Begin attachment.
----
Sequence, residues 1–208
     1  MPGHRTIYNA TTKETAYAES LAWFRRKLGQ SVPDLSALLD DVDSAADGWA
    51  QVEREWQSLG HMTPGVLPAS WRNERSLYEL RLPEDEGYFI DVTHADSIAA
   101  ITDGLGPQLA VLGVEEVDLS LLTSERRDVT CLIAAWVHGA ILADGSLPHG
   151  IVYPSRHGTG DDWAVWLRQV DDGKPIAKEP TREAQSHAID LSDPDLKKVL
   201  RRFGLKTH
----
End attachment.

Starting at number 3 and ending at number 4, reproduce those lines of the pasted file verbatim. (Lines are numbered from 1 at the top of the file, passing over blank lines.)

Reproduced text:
    51  QVEREWQSLG HMTPGVLPAS WRNERSLYEL RLPEDEGYFI DVTHADSIAA
   101  ITDGLGPQLA VLGVEEVDLS LLTSERRDVT CLIAAWVHGA ILADGSLPHG